Psychological splitting is also known as all-or-nothing or black-and-white thinking. Psychological splitting is an unconscious process whereby a person tends to view themselves and their life in extremes. Everything is either good or bad, and there are no grey areas.

Typically, psychological splitting is about having polarising beliefs. This is where a person will exclusively focus on the positive or negative.

The American Psychiatric Association (2000) defines splitting as:

“The individual deals with emotional conflict or internal or external stressors by compartmentalizing opposite affect states and failing to integrate the positive and negative qualities of the self or others into cohesive images.”

Psychological splitting might seem to be an unhealthy way of thinking, but it is a necessary mental process. It allows us to make sense of the world. As we progress through life, we are bombarded with a huge amount of information and experiences. In order to understand all of this, we need to group all of this information into categories. As we experience more and more, we begin to split all this knowledge into meaningful groups. These groups then help us understand unfamiliar events.

So clearly, we all use psychological splitting at some point, but when does it become unhealthy? Psychological splitting starts to be problematic when a person fails to bring together their opposing views.

Splitting occurs when the only views someone accepts are extreme ones. A person that exclusively focuses on the positive or negative, or one that cannot bring together their opposing views is likely to split off.

Freud believed that splitting was a defence mechanism of the mind in an attempt to defend the ego. Once a person cannot reconcile their opposing views as one whole of themselves, splitting into two different personas is unavoidable.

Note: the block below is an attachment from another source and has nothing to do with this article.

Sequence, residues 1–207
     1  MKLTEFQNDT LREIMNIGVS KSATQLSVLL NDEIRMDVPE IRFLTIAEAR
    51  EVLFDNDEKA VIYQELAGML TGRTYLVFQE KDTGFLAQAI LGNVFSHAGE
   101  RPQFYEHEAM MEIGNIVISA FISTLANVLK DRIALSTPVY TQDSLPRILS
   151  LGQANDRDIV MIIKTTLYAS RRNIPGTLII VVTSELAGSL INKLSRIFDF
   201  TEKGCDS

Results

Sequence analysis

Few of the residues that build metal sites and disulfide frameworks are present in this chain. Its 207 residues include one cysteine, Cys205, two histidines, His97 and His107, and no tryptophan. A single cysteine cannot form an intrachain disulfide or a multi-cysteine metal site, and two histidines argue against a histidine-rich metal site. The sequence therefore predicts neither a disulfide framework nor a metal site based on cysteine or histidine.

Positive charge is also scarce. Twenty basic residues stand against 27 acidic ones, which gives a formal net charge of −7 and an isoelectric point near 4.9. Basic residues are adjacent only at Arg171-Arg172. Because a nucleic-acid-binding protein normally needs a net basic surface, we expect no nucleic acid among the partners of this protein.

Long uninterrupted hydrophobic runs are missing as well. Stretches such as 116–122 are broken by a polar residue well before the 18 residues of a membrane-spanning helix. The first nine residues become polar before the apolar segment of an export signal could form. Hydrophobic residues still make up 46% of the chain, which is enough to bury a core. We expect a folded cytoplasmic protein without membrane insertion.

They will split into the good part and the bad part. Once the person has split, they can only perceive the good part of them and the bad part of them at separate times. Their view of reality, therefore, is particularly skewed.

Examples of psychological splitting:

  • Political parties that portray the opposition in a negative light.
  • Religious groups that only accept their way of thinking.
  • The police viewed by certain groups as abusing their authority.
  • Perception in medicine that doctors are hard-working but nurses are lazy.

Those are some common examples, but how easy is it to spot psychological splitting?

Signs of psychological splitting:

  • Thinking in complete opposites or absolutes.
  • People are either good or bad.
  • Not accepting of other’s views.
  • Idolising individuals, then condemning them.
  • Raising one’s own esteem by belittling others who think differently.
  • Constantly changing one’s mind over important issues.
  • Employing a changeable perspective of others.
  • Switching allegiance quickly.
  • Multiple partners with no stable relationships.
  • Sudden mood swings.
  • Changing one’s self-image to suit the circumstances.

Who is vulnerable to psychological splitting?

Psychological splitting is common in adolescents, teenagers and young adults. This is because around this time, we are exploring and experimenting with self-identity. A person can also experience splitting as a defence mechanism if they have undergone a childhood trauma.

Psychological splitting is evident as a symptom of certain personality disorders, including borderline personality disorder. It also presents within narcissistic disorders.

How might you be using psychological splitting?

As previously stated, psychological splitting is a defence mechanism that serves to protect the ego. But if it is an unconscious process, how do we use it?

Someone can use splitting to justify unreasonable behaviour. These days, everyone’s opinions are sacrosanct. We are all entitled to our opinions, but those who have split feel that only theirs are worth consideration. They will not listen to others and genuinely believe that they are right and everyone else is wrong.